Spring has sprung, and the Elon University Community Garden is oveflowing with the new season’s harvest. Cooking with local, fresh vegetables may seem unattainable, but the students in Professor Michael Strickland’s “Garden Studio” class share their tips and tricks on utilizing the garden this spring through their own healthy, simple recipes.
Senior Devon Johnson explained her meal prep plans as she harvested her mustard greens in the garden.
“At this point in the season, things in the brassica family are growing like broccoli, cauliflower, mustard greens and bok choy,” Johnson said. Her preferred meal with all of her fresh leafy greens is a quick and easy stir-fry.
Johnson uses her bok choy and kale from the garden as her base, while she adds other ingredients such as tofu, eggplant, chili paste, balsamic vinegar and turmeric powder to create her meal.
According to the Elon Community Garden website, this season brings in produce such as asparagus, peas, tomatoes, beans, cucumbers, peppers, strawberries and zucchini.
Along with this season’ s ample supply of green vegetables, Elon garden students are harvesting their personal plots filled with fruits and herbs.
Senior Emma Warman has been using the garden to make her signature drink: mint cold-brew coffee. Warman mixes her fresh mint with her favorite coffee beans to make a refreshing morning coffee in her French press.
Warman’s current cooking endeavor is homemade pizza dough using rosemary and three different types of basil from the garden.
You can even add your own toppings. Fresh basil, kale, broccoli, spinach and peppers from the garden are always a great addition.
Junior Blair Foreman said she likes to keep her garden cooking simple.
“I hope I can learn how to cook with what I am growing, but for now, I just bring my carrots to class and use them as a mid-day snack.” Although Foreman may not be cooking meals with her harvest, her breakfast go-to is a Kale and Strawberry smoothie.
“All of these ingredients can be put into a blender cup before you go to bed, and in the morning, blend it up and run to class,” said Foreman. “I am no chef, but these smoothies are good.”
All three of these Elon gardeners say their favorite garden-fresh lunch is salad, salad and salad.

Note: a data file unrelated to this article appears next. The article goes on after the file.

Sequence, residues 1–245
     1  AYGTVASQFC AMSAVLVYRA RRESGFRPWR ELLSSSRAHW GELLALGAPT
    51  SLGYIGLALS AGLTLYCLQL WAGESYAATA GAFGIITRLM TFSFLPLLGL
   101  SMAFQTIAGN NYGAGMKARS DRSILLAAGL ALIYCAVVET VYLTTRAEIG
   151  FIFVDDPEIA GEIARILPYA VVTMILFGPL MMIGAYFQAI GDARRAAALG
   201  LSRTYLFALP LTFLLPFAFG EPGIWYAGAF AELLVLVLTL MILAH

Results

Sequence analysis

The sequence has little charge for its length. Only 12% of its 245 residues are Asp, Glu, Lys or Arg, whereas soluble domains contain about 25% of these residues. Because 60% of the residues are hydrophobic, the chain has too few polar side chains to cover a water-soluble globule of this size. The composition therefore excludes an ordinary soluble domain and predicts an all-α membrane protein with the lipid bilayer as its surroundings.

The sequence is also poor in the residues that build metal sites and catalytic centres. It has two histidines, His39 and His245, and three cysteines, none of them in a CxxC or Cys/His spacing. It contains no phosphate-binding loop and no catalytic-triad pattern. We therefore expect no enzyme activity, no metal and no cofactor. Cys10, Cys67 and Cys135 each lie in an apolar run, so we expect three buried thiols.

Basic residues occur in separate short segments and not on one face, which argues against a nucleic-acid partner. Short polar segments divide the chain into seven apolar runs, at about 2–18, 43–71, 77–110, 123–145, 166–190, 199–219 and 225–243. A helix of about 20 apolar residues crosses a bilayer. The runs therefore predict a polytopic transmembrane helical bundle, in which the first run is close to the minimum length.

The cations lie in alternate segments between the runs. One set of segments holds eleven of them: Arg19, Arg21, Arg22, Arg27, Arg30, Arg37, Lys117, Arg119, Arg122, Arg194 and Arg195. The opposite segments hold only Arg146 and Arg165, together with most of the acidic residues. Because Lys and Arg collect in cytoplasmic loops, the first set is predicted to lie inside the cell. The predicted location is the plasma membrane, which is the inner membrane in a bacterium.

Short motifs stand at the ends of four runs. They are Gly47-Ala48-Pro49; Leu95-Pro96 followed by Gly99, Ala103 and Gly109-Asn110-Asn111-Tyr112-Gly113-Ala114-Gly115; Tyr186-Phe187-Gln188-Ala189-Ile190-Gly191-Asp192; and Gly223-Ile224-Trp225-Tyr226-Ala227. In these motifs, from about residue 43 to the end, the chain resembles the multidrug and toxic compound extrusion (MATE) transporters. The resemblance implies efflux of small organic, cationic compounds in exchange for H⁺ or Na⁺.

“With all the leafy greens growing this time of year, it is easy to make that your base and throw in carrots, broccoli and radish,” Foreman said. “All of that is growing right here in our garden.”
Warman said when she is tired of eating salads so she makes lettuce wraps.
Students can get fresh lettuce from the garden and use it to wrap up their favorite ingredients. Warman said she normally wraps up tofu, hummus and other vegetables with a little bit of soy sauce.
Because of space constraints, Strickland says only students in the class and some club members have their own plots in the garden. Nevertheless, students can get involved by enrolling in his class, joining the club or coming to volunteer work sessions on Friday and Sunday.
Strickland’s favorite garden find is one that is available all year round: Kale.
“...It can survive the worst of winters, is prolific in spring and fall and will even survive the summers in North Carolina if in a shady spot,” he said.
Senior Caila Yates’ use of the garden goes beyond the community of Elon and into the surrounding communities of Alamance county. She got involved with the Elon Community Garden through her undergraduate research on the use of community gardens in low-income housing neighborhoods. Yates said cooking with fresh vegetables not only changes the nutrient level of the foods people eat, but also provides mental and physical support.
“Working in the garden can be a form of therapy to people,” Yates said. “It’s like a getaway from all other things in life, which can be an amazing tool for those in our surrounding communities.”
For physical health, Yates said that community gardens provide the area with inexpensive, fresh ingredients for their meals while also allowing community members to stay active and spend time outdoors. Yates has been using Elon’s Community Garden for the past two years, and plans to continue her research on its benefits after college.